Let's go back 15 or so years to when Steve Nash and Dirk Nowitzki were best-bud Dallas Mavericks teammates establishing their excellence in the NBA and always hanging out to shoot in the gym together at night.
For lunches, they would swing through Eatzi's Market & Bakery, the ahead-of-its-time semi-supermarket that, at the turn of the century, gave Dallas cultured, ready-made, healthy eating—and even cultured classical or opera music playing inside its glass doors.
Not exactly the stereotypical NBA hotspot.
But Nash and Nowitzki have long since proved how they transcend stereotypes.
Nash reluctantly retired in 2015. He didn't go kicking and screaming, if only because it's not his style—and his broken-down body wouldn't allow such gyrations anyway.
Nowitzki, 38, is at that doorstep now.
And while he's still playing, it's time to appreciate how—same as Nash—Nowitzki has changed us and our game more than we and our game changed him.
What it boils down to is this: People called Nowitzki soft at the start of his career and for a long time after.
No one does anymore.
And that reflects the greater understanding we have in valuing his fundamental game, not just his historic accomplishments.
To see the way he habitually adjusts the collar of his jersey like a nervous tic, settles for all those fadeaway jumpers and closes out on shooters as if he were dragging a concert piano, hefty opera singer or even a supermarket behind him...it still seems soft in a sense.
Except we know there's a lot more to it.
We better understand the more powerful impact of the three-point shot, no matter that it's so much "softer" than a dunk. And we better understand Nowitzki's diligent training and competitive fire that happen to be teamed with a self-deprecating humor rather than self-aggrandizing personality.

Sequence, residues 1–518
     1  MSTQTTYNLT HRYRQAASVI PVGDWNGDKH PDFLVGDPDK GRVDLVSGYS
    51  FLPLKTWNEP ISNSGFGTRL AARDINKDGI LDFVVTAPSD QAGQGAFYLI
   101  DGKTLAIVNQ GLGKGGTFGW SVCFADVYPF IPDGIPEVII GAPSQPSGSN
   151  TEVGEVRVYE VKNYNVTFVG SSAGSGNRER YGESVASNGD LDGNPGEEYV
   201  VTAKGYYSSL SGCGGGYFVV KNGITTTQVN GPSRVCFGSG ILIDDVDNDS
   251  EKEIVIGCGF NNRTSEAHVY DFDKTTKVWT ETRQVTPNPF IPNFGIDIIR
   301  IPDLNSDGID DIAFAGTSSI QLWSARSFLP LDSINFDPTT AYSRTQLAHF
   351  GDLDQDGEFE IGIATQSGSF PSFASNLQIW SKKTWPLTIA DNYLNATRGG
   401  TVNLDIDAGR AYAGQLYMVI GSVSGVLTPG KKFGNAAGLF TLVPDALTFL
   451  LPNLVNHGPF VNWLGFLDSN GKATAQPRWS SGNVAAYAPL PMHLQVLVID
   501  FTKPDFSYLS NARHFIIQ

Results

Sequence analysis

This is how Nowitzki, in at least one way, has made a greater mark than either Kobe Bryant or Tim Duncan, both of whom retired in 2016.
Bryant and Duncan mostly had skills we could easily comprehend and we knew winners should possess. Nowitzki was unconventional enough as a shooting 7-footer that we didn't get him right away.
We needed time to digest how he affected the game in new ways—and for the sport to evolve and showcase that.
At some point soon, the term "stretch 4" for a power forward with shooting range will cease to exist because the game will have changed that much. Nowitzki led that charge, won both an MVP award and a championship, and he did it his way.
That's how you become the ultra-rare player to overcome the "soft" label.
And he didn't overcome it as much as we changed the definition based on what he taught us.
More than any other subcategory of player, big men are the ones we still call "soft"—but it's not whether they can or can't shoot the ball. Yes, it's still a four-letter word, but it's a better-researched definition and rooted in someone not being assertive or competitive enough. Dwight Howard? Blake Griffin? LaMarcus Aldridge? Brook Lopez?
There was an inherent presumption Kristaps Porzingis would be soft. That just goes to show our bias still exists in some form, except the fashion has changed.